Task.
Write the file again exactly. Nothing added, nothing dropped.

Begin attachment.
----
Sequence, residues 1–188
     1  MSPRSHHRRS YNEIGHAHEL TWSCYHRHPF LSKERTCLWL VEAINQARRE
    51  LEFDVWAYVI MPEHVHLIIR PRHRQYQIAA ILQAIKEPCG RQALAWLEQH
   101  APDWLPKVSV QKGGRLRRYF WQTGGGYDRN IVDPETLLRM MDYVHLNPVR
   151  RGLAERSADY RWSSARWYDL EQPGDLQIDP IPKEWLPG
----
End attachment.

Sequence, residues 1–188
     1  MSPRSHHRRS YNEIGHAHEL TWSCYHRHPF LSKERTCLWL VEAINQARRE
    51  LEFDVWAYVI MPEHVHLIIR PRHRQYQIAA ILQAIKEPCG RQALAWLEQH
   101  APDWLPKVSV QKGGRLRRYF WQTGGGYDRN IVDPETLLRM MDYVHLNPVR
   151  RGLAERSADY RWSSARWYDL EQPGDLQIDP IPKEWLPG